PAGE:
Active Reading Solution: Building Hadrons

  1. A baryon is a combination of a red, a blue, and a green quark. Those colors do not impose any restriction on flavor: remember that every flavor of quark (up, charm, etc) can come in all three colors. But we do have to use exactly three quarks to make a baryon. Each quark will have a charge of (2/3)e or -(1/3)e. (They cannot have the opposites of those charges, because then they would be antiquarks, and they would make an antibaryon.) Since we want the total charge to be -1, we want all three quarks to have charge -(1/3)e. The lightest way to achieve that is to choose all three of our quarks from the left-most (lightest) family.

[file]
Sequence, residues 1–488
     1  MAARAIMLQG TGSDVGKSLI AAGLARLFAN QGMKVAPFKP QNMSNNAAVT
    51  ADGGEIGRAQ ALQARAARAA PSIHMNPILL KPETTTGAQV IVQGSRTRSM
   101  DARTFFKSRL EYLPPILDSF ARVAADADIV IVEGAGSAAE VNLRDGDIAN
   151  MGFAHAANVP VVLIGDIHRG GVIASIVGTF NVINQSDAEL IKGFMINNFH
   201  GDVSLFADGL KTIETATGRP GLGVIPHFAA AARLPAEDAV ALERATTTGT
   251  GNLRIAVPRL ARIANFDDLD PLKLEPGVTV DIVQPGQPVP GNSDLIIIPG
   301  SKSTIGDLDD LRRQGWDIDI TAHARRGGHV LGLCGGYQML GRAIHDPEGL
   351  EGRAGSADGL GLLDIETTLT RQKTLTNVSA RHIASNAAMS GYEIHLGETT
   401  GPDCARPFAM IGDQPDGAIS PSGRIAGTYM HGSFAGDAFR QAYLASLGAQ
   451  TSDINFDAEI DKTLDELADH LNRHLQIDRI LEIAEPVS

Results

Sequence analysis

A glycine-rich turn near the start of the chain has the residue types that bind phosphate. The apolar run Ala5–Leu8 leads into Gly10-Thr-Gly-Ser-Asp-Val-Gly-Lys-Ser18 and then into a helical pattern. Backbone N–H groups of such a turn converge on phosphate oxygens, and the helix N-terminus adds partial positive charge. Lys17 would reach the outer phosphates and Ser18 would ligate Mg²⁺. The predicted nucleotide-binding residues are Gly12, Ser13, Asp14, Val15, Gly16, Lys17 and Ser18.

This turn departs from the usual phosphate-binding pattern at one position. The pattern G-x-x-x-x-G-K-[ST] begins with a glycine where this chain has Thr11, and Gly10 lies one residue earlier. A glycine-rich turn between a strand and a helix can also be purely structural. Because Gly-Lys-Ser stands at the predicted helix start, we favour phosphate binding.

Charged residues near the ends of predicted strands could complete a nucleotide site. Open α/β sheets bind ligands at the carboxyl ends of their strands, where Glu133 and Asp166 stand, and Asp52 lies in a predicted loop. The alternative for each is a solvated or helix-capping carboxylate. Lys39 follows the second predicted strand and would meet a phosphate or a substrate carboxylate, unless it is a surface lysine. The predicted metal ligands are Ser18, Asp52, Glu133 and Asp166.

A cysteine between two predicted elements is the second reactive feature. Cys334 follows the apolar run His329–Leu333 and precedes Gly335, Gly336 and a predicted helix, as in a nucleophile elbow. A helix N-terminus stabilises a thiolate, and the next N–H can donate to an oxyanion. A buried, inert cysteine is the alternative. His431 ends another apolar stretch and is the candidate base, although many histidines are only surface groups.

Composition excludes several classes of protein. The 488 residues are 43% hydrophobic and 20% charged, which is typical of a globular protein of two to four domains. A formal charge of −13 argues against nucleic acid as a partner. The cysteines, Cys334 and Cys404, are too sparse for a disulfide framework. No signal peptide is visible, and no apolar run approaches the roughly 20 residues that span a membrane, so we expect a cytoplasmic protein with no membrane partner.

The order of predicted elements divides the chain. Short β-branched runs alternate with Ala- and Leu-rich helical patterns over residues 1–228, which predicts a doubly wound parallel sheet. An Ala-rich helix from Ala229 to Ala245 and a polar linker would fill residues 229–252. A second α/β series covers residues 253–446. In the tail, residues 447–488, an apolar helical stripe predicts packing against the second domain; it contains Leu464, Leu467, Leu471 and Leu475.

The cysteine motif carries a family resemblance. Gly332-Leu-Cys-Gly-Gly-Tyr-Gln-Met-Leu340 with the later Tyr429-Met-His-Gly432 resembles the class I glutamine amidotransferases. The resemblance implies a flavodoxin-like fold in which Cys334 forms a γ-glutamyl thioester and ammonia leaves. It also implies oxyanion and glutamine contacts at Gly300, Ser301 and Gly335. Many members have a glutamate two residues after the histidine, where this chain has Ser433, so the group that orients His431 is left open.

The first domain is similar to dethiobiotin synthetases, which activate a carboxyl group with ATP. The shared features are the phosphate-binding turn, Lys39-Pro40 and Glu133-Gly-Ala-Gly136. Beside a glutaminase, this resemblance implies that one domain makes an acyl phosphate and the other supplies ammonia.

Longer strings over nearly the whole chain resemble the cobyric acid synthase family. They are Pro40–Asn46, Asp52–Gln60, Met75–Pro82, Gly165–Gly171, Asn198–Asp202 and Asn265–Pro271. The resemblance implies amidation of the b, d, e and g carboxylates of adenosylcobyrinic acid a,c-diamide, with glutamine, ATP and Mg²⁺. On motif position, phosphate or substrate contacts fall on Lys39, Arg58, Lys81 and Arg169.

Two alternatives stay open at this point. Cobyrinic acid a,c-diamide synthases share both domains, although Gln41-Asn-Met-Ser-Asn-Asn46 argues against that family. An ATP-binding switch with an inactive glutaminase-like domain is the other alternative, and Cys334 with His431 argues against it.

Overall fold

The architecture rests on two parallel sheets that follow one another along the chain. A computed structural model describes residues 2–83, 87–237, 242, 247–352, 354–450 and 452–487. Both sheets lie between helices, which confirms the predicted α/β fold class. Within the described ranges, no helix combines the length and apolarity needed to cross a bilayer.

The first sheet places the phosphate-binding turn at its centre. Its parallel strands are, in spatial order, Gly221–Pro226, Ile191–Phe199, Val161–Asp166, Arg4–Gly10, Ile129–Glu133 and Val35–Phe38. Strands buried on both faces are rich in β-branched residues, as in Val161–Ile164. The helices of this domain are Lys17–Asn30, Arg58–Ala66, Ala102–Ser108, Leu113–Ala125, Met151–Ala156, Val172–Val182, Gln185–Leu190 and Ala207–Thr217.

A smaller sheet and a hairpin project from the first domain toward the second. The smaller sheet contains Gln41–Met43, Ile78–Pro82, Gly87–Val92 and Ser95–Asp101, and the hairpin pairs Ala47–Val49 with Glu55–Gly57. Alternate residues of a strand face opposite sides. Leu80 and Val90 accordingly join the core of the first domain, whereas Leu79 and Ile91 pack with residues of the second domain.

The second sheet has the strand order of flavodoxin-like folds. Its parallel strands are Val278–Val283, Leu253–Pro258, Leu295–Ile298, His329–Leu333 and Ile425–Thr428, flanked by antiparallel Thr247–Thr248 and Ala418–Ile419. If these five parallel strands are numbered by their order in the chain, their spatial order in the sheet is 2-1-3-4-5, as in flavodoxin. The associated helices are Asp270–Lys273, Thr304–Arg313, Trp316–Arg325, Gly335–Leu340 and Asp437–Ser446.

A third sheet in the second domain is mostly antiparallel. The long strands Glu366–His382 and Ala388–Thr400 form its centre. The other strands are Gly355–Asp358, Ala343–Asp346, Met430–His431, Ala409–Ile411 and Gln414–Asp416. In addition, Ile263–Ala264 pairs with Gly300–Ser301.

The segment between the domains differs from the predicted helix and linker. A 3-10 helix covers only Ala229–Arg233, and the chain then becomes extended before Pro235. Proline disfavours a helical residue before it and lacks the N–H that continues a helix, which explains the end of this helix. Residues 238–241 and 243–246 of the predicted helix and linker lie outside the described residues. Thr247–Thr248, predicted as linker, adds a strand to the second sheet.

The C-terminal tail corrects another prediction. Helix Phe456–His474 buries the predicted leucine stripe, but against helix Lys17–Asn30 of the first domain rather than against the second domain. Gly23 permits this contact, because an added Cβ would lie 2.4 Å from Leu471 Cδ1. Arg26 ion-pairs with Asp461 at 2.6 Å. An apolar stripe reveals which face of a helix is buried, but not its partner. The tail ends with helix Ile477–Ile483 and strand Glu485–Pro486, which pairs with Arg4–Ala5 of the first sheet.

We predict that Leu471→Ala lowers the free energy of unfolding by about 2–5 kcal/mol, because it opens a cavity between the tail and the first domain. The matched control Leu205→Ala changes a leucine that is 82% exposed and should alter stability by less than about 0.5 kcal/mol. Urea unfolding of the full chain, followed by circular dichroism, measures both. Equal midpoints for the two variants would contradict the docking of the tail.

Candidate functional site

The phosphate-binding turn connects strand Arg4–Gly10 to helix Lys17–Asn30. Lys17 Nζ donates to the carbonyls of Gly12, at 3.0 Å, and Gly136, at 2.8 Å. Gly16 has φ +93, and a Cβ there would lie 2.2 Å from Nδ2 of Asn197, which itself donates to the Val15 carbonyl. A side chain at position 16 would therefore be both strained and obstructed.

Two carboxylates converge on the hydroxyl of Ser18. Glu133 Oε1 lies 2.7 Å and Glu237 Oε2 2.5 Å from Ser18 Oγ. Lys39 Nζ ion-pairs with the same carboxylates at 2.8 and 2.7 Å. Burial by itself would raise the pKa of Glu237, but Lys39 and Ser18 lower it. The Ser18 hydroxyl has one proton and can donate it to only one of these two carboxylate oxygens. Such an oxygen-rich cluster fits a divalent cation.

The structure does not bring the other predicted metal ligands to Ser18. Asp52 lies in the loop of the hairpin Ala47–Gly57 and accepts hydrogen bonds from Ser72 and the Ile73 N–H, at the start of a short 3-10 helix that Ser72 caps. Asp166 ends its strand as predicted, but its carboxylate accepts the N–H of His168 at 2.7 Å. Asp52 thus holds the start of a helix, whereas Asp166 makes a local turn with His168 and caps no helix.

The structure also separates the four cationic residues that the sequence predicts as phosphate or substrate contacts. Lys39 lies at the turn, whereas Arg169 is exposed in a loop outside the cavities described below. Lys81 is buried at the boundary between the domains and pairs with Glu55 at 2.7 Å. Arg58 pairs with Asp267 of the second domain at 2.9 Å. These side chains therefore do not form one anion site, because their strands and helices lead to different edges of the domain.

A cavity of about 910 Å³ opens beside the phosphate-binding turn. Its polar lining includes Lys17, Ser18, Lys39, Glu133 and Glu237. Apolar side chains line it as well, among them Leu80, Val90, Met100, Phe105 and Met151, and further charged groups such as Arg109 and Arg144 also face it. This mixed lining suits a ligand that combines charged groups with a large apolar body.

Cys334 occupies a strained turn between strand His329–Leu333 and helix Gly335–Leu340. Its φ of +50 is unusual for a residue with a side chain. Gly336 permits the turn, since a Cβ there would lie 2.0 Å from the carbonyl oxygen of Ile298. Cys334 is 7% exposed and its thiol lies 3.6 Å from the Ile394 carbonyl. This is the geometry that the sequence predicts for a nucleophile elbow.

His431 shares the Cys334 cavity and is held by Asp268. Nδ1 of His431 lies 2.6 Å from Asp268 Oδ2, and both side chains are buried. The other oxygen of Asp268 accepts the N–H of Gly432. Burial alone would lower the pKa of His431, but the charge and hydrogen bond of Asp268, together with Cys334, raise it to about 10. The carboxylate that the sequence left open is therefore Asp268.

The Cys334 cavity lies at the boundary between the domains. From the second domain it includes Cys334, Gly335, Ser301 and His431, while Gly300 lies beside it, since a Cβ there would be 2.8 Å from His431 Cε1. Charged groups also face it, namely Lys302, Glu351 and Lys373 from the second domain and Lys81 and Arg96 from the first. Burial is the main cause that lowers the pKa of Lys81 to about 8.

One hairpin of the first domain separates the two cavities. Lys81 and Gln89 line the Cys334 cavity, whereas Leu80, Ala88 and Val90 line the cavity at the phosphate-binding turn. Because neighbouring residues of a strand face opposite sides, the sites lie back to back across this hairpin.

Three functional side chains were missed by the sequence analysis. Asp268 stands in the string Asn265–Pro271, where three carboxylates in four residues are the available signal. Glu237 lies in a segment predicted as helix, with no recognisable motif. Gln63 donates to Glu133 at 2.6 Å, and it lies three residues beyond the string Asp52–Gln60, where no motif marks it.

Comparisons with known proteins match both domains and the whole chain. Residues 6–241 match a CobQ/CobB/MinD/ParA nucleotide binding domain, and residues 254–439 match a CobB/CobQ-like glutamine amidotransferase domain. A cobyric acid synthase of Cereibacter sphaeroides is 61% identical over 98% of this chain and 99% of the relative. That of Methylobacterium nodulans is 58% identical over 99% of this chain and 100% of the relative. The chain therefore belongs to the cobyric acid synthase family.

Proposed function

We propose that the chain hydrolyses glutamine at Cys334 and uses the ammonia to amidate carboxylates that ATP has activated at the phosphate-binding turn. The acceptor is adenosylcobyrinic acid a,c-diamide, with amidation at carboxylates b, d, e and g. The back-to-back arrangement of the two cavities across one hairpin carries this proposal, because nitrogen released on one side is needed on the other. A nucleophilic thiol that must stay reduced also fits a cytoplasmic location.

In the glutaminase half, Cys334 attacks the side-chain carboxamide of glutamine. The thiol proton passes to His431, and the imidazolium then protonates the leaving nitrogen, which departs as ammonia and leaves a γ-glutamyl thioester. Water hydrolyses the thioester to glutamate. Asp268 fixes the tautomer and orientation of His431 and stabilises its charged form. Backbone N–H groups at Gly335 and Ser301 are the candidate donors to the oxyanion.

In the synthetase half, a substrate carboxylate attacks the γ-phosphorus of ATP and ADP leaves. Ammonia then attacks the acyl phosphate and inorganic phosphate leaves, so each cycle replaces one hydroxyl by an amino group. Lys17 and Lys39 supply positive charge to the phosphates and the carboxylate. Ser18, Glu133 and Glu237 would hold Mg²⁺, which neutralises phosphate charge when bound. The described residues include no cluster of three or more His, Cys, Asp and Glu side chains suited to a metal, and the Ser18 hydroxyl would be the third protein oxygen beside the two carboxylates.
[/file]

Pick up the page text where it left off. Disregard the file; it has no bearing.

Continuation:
So the answer is: three down quarks, one of each color.

  2. A meson is a combination of a quark (charge (2/3)e or -(1/3)e) and an antiquark (charge -(2/3)e or (1/3)e) with complementary colors. Since we once again want the lighest possible combination, we once again go to the left-most family and combine a down (charge -(1/3)e) with an antiup (charge -(2/3)e). The colors must match: for instance, if the former is blue, the latter must be antiblue.